White House Meeting On ‘Undermatching’

Career College Central summary:

  • About a dozen university presidents were summoned to the White House last week to discuss a possible new administration effort to get more low-income, academically talented students to apply to the nation’s best institutions.  
  • The leaders of top research institutions met with Gene Sperling, the chief White House economics adviser, and James Kvaal, deputy director of Obama's Domestic Policy Council.
  • “The emphasis was on how we can recruit more students of low socioeconomic status who may not ever go to college because they might not realize they have the opportunity to,” said Philip P. DiStefano, chancellor of the University of Colorado at Boulder, who attended one of the meetings last week.
  • The White House officials and university presidents also discussed the problem of “undermatching” —  when high-achieving low-income students don’t apply to the competitive colleges where they would likely be accepted. The phenomenon is increasingly gaining the attention of higher education researchers and advocates.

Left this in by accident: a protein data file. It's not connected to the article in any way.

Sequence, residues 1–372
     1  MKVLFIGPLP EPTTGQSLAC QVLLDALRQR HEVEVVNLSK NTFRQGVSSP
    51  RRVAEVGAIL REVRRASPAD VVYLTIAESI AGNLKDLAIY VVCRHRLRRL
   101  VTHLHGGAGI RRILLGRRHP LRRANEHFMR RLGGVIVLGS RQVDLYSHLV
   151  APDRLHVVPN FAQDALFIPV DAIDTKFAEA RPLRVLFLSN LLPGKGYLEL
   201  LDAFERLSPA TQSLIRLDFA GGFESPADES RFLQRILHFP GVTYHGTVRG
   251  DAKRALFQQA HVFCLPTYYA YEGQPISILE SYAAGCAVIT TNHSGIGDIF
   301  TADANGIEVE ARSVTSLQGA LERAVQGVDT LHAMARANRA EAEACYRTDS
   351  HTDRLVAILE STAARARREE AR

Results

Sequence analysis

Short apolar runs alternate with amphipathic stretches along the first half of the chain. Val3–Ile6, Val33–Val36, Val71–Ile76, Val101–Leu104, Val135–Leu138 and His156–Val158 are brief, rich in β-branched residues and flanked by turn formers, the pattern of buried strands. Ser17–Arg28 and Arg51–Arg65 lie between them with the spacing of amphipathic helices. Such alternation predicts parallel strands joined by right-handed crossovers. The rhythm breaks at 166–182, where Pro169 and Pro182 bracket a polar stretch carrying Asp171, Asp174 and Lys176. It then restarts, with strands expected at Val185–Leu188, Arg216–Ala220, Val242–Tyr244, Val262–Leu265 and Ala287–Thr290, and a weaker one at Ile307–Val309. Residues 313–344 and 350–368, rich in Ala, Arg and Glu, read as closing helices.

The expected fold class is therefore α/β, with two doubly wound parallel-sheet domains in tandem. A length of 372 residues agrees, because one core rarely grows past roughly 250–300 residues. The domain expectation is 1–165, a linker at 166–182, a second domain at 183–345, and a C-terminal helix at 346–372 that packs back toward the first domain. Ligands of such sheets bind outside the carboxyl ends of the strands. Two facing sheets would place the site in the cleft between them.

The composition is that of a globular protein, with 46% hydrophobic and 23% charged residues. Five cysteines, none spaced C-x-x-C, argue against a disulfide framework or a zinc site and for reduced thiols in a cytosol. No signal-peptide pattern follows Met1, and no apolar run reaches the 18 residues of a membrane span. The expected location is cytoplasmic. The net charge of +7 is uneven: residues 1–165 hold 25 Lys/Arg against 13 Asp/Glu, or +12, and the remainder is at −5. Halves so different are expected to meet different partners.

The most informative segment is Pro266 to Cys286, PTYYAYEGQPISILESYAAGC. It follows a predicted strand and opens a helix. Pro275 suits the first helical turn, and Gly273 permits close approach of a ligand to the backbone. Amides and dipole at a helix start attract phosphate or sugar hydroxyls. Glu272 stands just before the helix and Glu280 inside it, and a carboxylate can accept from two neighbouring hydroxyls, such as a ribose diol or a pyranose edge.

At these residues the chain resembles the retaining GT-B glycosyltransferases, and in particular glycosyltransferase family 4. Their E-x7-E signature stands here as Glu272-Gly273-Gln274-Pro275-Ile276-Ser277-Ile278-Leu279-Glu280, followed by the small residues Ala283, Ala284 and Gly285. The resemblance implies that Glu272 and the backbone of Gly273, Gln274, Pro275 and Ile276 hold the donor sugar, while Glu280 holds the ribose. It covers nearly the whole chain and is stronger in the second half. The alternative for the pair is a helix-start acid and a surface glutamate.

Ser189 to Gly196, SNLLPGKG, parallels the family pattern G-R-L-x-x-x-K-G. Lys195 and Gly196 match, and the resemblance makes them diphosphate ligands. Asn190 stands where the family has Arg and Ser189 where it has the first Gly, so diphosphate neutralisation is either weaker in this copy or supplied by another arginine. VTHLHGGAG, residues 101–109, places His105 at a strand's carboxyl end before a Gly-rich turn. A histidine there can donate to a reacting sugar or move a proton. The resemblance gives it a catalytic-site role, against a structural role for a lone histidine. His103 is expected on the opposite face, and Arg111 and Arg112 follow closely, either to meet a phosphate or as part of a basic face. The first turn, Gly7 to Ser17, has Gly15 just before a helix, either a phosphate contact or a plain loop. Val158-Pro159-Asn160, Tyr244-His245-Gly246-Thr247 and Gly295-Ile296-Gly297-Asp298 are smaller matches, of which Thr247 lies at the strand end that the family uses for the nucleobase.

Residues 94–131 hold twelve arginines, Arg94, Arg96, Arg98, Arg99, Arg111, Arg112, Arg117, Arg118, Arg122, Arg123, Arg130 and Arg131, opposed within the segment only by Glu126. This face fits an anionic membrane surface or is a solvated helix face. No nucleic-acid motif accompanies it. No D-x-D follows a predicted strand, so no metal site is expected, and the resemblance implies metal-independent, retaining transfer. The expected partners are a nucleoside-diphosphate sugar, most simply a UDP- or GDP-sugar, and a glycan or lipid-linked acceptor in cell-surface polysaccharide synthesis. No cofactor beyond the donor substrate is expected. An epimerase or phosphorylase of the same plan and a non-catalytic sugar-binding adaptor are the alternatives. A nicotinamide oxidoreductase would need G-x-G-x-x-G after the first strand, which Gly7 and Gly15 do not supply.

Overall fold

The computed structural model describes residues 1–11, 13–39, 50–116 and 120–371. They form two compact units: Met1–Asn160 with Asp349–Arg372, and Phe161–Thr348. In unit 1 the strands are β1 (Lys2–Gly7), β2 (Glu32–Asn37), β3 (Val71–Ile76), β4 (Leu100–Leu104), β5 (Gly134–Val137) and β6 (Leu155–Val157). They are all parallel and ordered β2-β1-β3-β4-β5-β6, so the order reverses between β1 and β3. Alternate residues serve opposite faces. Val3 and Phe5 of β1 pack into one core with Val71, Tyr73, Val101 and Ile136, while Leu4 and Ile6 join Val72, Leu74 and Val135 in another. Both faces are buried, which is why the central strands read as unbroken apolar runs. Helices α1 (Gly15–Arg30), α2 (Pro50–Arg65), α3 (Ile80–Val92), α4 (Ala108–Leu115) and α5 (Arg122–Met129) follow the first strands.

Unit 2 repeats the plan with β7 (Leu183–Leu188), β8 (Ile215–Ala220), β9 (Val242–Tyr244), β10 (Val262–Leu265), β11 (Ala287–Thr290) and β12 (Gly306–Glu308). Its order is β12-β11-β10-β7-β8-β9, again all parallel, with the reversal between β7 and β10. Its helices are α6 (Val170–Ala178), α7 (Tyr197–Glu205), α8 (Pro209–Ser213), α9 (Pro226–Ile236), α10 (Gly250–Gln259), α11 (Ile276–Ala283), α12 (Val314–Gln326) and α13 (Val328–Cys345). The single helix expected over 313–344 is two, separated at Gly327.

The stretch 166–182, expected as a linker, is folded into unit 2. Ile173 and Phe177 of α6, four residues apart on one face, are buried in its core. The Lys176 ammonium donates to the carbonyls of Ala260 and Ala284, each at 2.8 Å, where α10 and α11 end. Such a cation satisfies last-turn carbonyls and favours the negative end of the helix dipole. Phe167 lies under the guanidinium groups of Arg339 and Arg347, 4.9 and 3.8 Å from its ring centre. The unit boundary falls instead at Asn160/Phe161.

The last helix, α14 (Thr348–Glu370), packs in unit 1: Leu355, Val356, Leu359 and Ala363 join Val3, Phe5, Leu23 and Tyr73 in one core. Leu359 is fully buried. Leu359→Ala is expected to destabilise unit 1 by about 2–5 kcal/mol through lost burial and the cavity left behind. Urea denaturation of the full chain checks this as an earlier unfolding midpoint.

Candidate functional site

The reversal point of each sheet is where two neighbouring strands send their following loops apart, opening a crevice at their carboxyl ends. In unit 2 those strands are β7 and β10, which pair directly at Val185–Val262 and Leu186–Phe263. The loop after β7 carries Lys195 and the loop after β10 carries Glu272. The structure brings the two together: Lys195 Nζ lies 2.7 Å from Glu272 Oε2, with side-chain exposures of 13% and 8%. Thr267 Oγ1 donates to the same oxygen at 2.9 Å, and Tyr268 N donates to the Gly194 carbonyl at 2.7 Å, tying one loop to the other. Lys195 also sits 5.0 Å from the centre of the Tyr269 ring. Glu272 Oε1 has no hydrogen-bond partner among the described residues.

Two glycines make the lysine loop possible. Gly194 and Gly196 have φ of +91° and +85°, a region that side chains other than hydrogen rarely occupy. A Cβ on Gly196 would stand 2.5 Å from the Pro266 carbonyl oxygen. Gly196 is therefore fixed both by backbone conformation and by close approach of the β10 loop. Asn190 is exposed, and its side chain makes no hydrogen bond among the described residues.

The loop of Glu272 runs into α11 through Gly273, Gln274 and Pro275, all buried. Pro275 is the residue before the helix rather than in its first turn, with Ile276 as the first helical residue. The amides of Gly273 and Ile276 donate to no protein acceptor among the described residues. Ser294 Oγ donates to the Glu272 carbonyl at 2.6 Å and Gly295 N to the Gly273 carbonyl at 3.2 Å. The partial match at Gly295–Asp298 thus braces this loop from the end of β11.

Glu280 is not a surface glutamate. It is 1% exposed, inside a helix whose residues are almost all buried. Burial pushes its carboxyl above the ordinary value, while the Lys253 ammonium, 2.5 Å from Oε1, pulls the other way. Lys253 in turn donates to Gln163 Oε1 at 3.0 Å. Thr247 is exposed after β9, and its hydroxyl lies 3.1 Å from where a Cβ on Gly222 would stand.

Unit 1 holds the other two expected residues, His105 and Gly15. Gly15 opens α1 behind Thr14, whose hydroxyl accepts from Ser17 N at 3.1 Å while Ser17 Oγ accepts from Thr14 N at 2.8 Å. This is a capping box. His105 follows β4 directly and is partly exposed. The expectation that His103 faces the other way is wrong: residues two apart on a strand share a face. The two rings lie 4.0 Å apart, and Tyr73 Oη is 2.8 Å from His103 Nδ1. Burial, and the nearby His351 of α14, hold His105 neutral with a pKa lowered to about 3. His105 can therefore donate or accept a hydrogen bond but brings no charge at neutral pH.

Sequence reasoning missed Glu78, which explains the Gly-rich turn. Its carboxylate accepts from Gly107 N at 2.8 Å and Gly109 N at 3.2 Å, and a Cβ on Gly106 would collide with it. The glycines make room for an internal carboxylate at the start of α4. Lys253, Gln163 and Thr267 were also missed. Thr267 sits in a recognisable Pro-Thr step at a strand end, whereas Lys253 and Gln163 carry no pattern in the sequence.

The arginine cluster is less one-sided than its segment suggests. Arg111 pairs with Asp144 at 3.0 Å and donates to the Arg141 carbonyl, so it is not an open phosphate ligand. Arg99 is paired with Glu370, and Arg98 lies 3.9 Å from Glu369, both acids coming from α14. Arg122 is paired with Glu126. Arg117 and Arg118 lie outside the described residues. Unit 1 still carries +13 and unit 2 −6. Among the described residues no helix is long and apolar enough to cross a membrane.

• A College Board study released this month found that among high school graduates eligible for somewhat selective colleges, 42 percent of lower socioeconomic status enrolled in institutions less selective than the most selective college to which they were about 90 percent likely to be admitted.
  • The White House officials this week did not propose legislation but rather focused on what universities could do voluntarily to enroll more first-generation Pell Grant recipients, according to a source familiar with the meeting.

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